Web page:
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Arts Hero

Happy September!!

We are returning after have taken a couple of months off to regroup and chart a new course in the time of the COVID-19 pandemic. We are happy to be back in touch with you! 

In the past 3 months we have frozen our fundraising efforts through Patreon in order to give our donors a break and to assess how Honest Pint will move forward. And while we won’t be returning to live theatre any time soon, we have begun a couple of new initiatives that will keep us engaged in the business of telling stories and with our audiences.

In August we held our first online event, TAP ROOM, where we read a play with our Pintrons (WATER BY THE SPOONFUL by Quiara Alegria Hudes) and had a lively discussion about it via Zoom. It was really fun and so we’re doing it again this month! 

Mark your calendars for September 23, 7:00 pm and plan to join us as we discuss THE NICETIES by Eleanor Burgess. This time we are opening up the TAP ROOM to anyone who wants to join. If you are interested in reading the play at your own leisure and hanging out with us to talk about its themes, characters, and social relevance, then email us at for information and instructions. 

The play is a powder keg and speaks to the recent social unrest and issues of racial justice we have been witnessing.

“A barnburner of a play. One of the best plays I’ve seen about who gets to tell the story of America, and how.” — The Washington Post

We also plan to bring back HOME BREW, our every-now-and-then series featuring local artists/creatives. Of course it will be virtual for now.

Details on HOME BREW coming soon…

Friends, this month we want to shine a light on something you probably already have presumed but perhaps you don’t know the real numbers -- the COVID-19 pandemic is obliterating arts organizations and careers each day that it drags on. We want to share with you some VERY SOBERING statistics from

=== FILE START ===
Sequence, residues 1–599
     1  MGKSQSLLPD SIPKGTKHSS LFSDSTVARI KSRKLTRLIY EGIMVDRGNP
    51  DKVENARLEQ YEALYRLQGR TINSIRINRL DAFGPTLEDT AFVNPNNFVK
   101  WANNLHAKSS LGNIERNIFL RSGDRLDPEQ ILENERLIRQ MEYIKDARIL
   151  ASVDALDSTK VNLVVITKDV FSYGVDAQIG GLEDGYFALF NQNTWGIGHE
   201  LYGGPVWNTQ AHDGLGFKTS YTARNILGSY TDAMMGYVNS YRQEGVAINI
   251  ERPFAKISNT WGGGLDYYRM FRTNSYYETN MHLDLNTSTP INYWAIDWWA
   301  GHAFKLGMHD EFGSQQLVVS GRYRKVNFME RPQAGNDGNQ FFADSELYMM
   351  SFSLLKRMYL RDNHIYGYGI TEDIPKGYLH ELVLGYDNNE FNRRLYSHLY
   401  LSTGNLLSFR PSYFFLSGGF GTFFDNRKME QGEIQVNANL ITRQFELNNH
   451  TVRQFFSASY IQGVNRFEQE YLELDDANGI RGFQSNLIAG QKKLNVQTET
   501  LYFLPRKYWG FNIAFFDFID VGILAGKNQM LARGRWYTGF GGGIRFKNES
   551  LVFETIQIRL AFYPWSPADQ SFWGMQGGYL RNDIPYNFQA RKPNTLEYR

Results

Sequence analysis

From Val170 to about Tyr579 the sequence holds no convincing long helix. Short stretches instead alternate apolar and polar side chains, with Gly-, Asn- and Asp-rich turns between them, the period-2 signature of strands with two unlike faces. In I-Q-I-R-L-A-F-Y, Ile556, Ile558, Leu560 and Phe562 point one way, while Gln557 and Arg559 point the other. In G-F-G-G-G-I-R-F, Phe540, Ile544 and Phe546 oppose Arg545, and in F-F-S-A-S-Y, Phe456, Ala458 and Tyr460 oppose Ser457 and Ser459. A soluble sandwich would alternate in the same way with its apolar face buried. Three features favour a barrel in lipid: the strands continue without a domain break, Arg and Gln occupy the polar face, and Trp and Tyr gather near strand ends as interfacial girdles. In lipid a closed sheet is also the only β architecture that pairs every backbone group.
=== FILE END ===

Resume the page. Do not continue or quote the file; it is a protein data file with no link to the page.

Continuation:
The Arts & Culture sector is a BIG BUSINESS, employing 5.1 million people nationally and providing $877 billion value added to the U.S. economy.

Arts & Culture adds:

  • 5 times more value to the GDP than agriculture

  • $87 Billion more than construction

  • $265 Billion more than transportation

The Arts & Culture sector is a cornerstone of the larger U.S. economy, making up 4.5% of GDP.  Despite their out-sized cultural and economic contribution, the Arts & Culture sector of the U.S. economy is in grave danger. It is NOT getting the government funding other sectors have in this time of economic crisis.

  • Nationally, financial losses to nonprofit arts and cultural organizations are an estimated $9.1 Billion as of July 2020. 

  • 96% of organizations have cancelled events, some as far out as Summer 2021, resulting in a loss of $10.4 Billion in event-related spending by arts audiences at local businesses (restaurants, hotels, retail)

According to the Brookings Institute economic report Lost Art: Measuring COVID-19’s devastating impact on America’s creative economy,  they estimate a loss of 2.7 million jobs and more than $150 Billion in sales of goods and services for creative industries nationwide, representing nearly a third of all jobs in those industries.

The fine and performing arts industries will be hit hardest, suffering estimated losses of almost 1.4 million jobs and $42.5 Billion in sales. These estimated losses represent 50% of all jobs in those industries and more than a quarter of all lost sales nationwide.

Arts/creatives are among the most severely affected workers by the COVID-19 crisis. 

  • 62% have become fully unemployed.

    • Nationally, they expect to lose $50.6 Billion in lost income in 2020. 

  • 94% report income loss.

  • 66% are unable to access supplies, resources, spaces, or people they need to do their work.

  • 75% use their art to create morale and community cohesion.

  • 47% of shuttered arts organizations have no target date for re-opening.

  • 29% have laid off their staff.

    • Of those that have reduced staff, just 39% expect to return to pre-COVID levels in 2021.

COVID-19 is spiking nationally, meaning Arts & Culture institutions will remain shuttered for the foreseeable future. In fact, 41% of Arts & Cultural Institutions report they are “not confident” that they will survive the pandemic

Furthermore, the common “survival jobs” for Arts workers are in the hospitality and service sectors, which have been almost equally devastated by this crisis. With over 20 million unemployed, the competition for “survival jobs” is fierce; millions will remain unemployed for the foreseeable future